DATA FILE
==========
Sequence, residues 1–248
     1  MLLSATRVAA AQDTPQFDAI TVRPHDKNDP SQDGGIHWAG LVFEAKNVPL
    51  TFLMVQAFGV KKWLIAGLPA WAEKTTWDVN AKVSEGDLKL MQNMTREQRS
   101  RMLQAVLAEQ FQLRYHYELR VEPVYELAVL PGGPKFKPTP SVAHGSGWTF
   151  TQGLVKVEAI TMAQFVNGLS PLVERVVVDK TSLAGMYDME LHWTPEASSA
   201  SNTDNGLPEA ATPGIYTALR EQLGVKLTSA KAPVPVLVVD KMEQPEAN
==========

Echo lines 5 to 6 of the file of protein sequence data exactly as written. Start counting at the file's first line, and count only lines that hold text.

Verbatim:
   151  TQGLVKVEAI TMAQFVNGLS PLVERVVVDK TSLAGMYDME LHWTPEASSA
   201  SNTDNGLPEA ATPGIYTALR EQLGVKLTSA KAPVPVLVVD KMEQPEAN